DAVE DAVIES, host:
The title and poster for the new film "Cowboys & Aliens" have been getting people excited for nearly a year, and it's finally here - directed by Jon Favreau of "Iron Man," and starring Daniel Craig and Harrison Ford.
There's another alien invasion movie opening today called "Attack the Block," which is a low budget film from Britain.
Film critic David Edelstein reviews them both.
DAVID EDELSTEIN: The sci-fi Western "Cowboys & Aliens" has something for everyone, and not enough for anyone. I couldn't help thinking of the missed opportunities to play with two such disparate American genres. That said, Jon Favreau is a crafty director; he adds suspense to a bland story by withholding all the pertinent details, keeping us in a happy state of anticipation.
It starts with a start. Rugged blue-eyed Daniel Craig wakes up in the desert with a wound in his side, a metallic bracelet on his wrist, and no memory, though he does have super fighting skills. He's haunted, but by what? He walks through the swinging door of a saloon in a failed gold-mining town and drinks to ease the pain. But being a Western hero, he's soon punching out rich bully Paul Dano, who's beating up mousy saloonkeeper Sam Rockwell. Then Dano's daddy, a baleful Harrison Ford, shows up with his men and it looks like there'll be shooting until - what the heck? The camera makes like Spielberg's, tracking in on characters gazing at a glow on the horizon that turns out to be little ships that whiz in and snatch up screaming earthlings.
No spoilers, folks. But nothing brings folks together like aliens. The outlaw, the greedy capitalist boss, and even the Native American chief are now on the same side.
Too bad those aliens are a massive disappointment, their ships clearly computer-generated and too fast to generate much awe, the CGI E.T.'s - apart from one Nazi-like surgeon - anonymous. The cowboys get the screen time, sometimes too much. Rumor has it Ford insists on having his parts beefed up, so even with a supporting role, he has draggy scenes in which he gruffly bonds with the sheriff's grandson and acts racist toward his Native American top man, Adam Beach. Gorgeous cat-eyed Olivia Wilde stands around as a woman who - what on Earth is she doing? In "Cowboys & Aliens," not knowing is more fun than finding out.
The low-budget British film "Attack the Block" has what's missing from "Cowboys & Aliens." It's wall-to-wall sci-fi pop culture bric-a-brac, yet feels homegrown. The gang of hooligans, mostly black, live in a South London project and mug a white nurse, played by Jodi Whittaker. So it's neighbor against neighbor until the creatures plummet to Earth. One kid describes them as looking like a monkey crossed with a fish, and they have iridescent fangs that rip people to shreds.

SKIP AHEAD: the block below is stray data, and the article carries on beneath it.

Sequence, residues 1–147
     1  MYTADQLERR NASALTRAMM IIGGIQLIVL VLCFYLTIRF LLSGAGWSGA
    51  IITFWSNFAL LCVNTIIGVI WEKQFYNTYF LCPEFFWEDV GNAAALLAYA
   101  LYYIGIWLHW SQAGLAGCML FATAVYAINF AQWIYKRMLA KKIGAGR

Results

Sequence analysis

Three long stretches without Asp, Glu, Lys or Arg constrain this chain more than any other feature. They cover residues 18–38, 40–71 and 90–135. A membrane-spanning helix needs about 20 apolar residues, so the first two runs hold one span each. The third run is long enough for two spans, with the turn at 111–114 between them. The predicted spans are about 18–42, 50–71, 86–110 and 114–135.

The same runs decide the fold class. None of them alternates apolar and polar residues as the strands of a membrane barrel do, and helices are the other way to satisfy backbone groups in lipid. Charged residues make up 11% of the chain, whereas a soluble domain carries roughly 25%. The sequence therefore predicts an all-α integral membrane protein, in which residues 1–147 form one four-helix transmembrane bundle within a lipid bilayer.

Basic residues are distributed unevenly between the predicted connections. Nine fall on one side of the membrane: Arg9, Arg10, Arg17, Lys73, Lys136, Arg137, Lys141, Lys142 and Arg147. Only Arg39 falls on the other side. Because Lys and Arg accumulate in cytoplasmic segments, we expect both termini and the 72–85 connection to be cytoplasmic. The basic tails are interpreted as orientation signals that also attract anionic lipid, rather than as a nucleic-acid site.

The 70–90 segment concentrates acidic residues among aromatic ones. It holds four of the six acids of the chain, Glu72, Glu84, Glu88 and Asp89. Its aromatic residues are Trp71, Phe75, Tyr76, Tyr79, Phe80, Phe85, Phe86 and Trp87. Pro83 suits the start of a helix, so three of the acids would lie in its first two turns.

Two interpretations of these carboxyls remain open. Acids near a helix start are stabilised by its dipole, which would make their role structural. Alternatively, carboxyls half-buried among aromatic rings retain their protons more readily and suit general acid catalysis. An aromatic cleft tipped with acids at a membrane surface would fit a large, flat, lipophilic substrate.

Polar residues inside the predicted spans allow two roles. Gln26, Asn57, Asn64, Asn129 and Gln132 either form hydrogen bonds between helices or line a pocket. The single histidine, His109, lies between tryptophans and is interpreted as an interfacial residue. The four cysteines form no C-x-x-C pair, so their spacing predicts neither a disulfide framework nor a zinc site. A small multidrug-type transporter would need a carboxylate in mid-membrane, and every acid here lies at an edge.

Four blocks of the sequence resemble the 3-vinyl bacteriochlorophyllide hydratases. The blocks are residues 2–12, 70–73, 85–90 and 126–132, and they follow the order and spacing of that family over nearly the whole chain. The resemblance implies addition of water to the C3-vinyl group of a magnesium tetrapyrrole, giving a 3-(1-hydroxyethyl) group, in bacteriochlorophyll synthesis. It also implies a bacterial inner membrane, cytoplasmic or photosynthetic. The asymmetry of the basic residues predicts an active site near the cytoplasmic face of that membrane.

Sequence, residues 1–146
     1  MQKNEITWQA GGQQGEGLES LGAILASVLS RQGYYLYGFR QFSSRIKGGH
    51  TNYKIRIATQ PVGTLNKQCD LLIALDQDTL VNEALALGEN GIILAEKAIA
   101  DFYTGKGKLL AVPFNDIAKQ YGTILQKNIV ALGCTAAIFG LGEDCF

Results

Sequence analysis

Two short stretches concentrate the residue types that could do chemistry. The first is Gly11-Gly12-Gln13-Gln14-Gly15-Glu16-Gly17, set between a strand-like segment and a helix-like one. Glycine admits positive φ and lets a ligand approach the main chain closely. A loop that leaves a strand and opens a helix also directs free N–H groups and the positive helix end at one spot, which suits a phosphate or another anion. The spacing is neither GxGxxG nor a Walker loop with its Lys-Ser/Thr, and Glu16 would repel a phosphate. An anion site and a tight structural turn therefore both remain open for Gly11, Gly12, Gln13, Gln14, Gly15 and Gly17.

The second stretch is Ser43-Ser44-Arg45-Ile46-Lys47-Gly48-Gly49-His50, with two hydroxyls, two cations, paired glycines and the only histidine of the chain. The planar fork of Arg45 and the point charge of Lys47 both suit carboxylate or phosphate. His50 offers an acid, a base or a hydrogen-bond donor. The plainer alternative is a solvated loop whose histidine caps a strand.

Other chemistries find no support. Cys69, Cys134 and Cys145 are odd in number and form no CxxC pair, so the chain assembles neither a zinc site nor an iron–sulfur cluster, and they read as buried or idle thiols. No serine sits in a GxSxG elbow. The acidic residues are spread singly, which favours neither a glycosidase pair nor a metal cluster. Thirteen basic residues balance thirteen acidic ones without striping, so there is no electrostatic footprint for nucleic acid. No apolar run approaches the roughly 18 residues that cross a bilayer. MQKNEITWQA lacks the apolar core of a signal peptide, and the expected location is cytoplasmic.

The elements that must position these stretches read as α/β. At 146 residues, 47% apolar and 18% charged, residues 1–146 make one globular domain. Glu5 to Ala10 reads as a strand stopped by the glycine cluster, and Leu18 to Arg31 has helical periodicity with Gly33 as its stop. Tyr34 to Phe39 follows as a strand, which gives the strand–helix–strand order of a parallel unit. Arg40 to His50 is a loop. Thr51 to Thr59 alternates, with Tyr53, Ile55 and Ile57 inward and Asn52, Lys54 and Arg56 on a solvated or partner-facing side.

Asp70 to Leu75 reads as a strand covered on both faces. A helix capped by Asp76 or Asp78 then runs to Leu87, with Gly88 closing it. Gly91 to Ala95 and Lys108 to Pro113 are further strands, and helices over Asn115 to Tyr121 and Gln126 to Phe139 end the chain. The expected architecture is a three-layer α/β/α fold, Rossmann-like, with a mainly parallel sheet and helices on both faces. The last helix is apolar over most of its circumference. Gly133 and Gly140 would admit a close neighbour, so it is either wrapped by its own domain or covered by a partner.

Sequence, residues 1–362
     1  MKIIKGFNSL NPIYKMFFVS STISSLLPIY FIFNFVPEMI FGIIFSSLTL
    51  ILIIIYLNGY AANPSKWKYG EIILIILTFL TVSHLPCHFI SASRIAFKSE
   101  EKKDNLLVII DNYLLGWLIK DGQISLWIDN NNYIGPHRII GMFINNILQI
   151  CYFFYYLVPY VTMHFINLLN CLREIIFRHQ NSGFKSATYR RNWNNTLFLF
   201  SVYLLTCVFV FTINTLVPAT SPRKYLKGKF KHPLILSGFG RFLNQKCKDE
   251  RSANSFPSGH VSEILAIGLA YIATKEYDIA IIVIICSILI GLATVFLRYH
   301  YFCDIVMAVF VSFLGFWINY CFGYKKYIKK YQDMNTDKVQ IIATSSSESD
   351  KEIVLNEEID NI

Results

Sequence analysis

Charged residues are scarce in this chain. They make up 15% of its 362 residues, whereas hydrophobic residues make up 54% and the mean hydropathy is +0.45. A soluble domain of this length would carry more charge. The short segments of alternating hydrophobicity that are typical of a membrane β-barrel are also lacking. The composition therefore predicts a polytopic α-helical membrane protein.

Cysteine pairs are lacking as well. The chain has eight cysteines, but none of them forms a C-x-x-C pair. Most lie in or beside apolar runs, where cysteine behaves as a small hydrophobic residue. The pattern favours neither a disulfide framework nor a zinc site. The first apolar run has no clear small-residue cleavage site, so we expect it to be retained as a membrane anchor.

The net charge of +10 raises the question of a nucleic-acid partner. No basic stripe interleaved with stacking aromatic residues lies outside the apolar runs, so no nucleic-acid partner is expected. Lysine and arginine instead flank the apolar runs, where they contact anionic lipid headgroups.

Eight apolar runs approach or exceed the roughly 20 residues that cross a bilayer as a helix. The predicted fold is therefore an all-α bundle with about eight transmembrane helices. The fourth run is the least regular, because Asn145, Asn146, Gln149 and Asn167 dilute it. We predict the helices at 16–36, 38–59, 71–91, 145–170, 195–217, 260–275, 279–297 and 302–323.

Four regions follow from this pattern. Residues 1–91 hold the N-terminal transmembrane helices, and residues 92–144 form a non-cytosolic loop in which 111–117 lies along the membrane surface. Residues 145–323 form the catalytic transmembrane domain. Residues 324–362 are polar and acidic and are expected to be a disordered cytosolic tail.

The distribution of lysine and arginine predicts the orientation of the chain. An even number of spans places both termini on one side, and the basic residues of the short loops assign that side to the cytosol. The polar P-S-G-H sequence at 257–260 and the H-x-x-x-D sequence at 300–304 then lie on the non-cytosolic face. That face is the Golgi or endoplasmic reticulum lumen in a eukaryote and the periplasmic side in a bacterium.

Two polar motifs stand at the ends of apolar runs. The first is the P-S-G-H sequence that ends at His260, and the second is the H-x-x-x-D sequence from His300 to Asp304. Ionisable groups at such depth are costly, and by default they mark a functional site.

Dig these great accents as the teens decide how to take on the invaders.
(Soundbite of movie, "Attack the Block")
Unidentified Man #1 (Actor): (as character) What is that (unintelligible)?
Unidentified #2 (Actor): (as character) That's an alien (unintelligible). Believe it.
Unidentified Man #3 (Actor): (as character) It landed in the wrong place (unintelligible) the wrong place.
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EDELSTEIN: As leader of the gang, John Boyega has the poise of Denzel Washington and a gift for playing three things at once: pride, courage and fear. He can't be shown up - which is why he chases down the first little alien that lands, kills it, and carries it on a stick like a trophy. It's only later he understands his macho instinct for revenge has indirectly caused much of the carnage.
But not all. These are nasty creatures and there's tons of splatter. But ultimately this is the story of kids on their own, with no authority figures who believe their story. One kid even wonders if the creatures weren't sent to kill black boys because, quote, "we ain't killing each other fast enough." To defend the block, they grab ninja swords, guns, and fireworks, and teaming up now with Jodi Whittaker's nurse, prove they're made of nobler stuff.
"Attack the Block" was written and directed by Joe Cornish and the executive producer was Edgar Wright, who made "Shaun of the Dead." Cornish, like Wright, uses genre parody and homage not to deflate his material but rethink and revitalize it. Unlike the colossally budgeted "Cowboys & Aliens," you don't come out of this one thinking, I wonder how much that cost.
DAVIES: David Edelstein is film critic for New York magazine.
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